Cawdery killing: Elderly couple's deaths 'could have been avoided'
The killing of an elderly couple in their home by a man with severe mental health issues could have been avoided, a report has found.
Michael and Marjorie Cawdery, both 83, were attacked by Thomas Scott McEntee in Portadown, County Armagh, in 2017.
An independent panel, appointed by health authorities to investigate the deaths, has completed its work.
The Health and Social Care (HSC) system said it would learn from the "tragic incident".
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The investigation found that McEntee's actions on the day the Cawderys died occurred in "the context of a significant deterioration" in his mental health.
It concluded that the deaths "could not have been predicted but could have been avoided".
A HSC spokesperson said it would work to reduce the risk of something similar happening in the future.
The couple's son-in-law Charles Little said it was "shattering" for the family to hear that the deaths were avoidable.
"We are also very angry that the Southern Health and Social Care Trust and the Health and Social Care Board have taken two years and two months to come to a conclusion that was obvious to the family by the end of June 2017," he added.
In June 2018, McEntee, who suffers from paranoid schizophrenia, was sentenced to a minimum of 10 years in prison.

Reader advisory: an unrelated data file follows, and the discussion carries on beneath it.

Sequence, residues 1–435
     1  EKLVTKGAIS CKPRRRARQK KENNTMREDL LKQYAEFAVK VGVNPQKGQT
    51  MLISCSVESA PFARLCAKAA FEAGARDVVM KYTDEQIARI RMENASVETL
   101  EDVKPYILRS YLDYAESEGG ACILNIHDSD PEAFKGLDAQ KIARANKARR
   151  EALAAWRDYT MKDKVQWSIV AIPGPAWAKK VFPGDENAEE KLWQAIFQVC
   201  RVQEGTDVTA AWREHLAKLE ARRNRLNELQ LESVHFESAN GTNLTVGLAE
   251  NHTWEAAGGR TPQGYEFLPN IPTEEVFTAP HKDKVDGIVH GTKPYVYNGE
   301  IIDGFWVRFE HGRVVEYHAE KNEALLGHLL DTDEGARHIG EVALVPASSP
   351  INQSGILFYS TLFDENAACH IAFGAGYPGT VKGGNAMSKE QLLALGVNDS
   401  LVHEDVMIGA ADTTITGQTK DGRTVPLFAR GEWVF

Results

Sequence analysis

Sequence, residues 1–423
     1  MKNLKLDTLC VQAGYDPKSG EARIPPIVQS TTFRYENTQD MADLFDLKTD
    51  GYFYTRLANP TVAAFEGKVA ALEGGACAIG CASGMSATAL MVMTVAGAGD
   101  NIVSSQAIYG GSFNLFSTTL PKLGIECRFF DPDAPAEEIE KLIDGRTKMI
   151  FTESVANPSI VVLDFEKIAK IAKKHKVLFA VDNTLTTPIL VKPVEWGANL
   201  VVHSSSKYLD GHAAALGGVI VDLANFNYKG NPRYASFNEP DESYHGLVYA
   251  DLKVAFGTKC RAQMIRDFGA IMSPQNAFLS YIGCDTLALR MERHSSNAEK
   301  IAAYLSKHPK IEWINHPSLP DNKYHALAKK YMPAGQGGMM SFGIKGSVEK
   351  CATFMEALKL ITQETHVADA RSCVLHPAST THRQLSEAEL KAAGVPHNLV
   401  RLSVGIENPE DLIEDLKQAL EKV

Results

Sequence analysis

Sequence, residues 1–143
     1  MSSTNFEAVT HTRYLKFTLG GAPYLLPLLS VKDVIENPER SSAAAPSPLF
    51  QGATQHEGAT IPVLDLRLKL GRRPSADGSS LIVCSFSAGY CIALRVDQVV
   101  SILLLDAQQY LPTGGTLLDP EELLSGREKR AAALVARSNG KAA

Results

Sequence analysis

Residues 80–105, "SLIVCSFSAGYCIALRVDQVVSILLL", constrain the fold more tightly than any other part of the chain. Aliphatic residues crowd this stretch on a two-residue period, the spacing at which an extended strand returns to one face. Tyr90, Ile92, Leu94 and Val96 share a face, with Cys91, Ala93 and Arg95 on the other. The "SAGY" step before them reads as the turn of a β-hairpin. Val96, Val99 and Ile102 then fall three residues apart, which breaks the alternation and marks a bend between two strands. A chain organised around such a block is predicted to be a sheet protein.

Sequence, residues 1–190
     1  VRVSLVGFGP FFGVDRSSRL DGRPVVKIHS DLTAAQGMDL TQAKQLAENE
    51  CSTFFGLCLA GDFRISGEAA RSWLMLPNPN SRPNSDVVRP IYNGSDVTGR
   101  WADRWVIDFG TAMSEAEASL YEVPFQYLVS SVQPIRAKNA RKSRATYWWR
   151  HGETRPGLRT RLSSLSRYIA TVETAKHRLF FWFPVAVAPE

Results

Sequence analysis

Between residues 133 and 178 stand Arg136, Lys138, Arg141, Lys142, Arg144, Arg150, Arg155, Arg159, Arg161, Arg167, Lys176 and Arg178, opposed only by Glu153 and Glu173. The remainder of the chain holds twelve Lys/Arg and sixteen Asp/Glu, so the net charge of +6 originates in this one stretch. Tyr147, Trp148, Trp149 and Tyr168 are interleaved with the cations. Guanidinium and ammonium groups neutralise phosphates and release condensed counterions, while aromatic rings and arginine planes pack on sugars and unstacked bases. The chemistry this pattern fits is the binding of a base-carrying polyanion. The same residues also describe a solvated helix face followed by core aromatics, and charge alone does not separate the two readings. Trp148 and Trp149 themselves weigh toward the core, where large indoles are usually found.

The court case heard that authorities missed chances to take him off the streets.
McEntee had been causing a public nuisance in Warrenpoint, County Down, the day before the killings.
Police then took him to Newry train station, where McEntee said he planned to travel to Lurgan, County Armagh.
However, he did not board a train and instead broke into a garage in nearby Derrybeg Lane.
The next morning, police received reports about McEntee walking naked along the road between Bessbrook and Newry.
He was taken to the nearby Daisy Hill Hospital but was not admitted.
Instead he was taken to Craigavon Area Hospital in an ambulance, with a police escort.
While waiting to be assessed in the emergency department, he got up and left.
A short time later, McEntee was in the Cawdery's home, which is near the hospital.
They died in what the court case heard was a sustained, frenzied and gratuitous attack, which included the use of six knives.
An independent panel was appointed to conduct a level three serious adverse incident (SAI) review and the findings were recently shared with the Cawdery family.
Mr Little said his family was "broadly content" with the investigation's conclusion.
But he added mental health patients need to be handled "carefully".
"The fact that the incident could not be predicted is no defence - it is the very unpredictability of behaviour of those mental health patients who lead chaotic lifestyles that means they must be handled very carefully if they are to remain in the community."
The HSC said it would consider the report and involve the family in the process.
"We fully recognise the enormous distress that the families affected by this tragedy have suffered and we would unreservedly apologise for this," it added.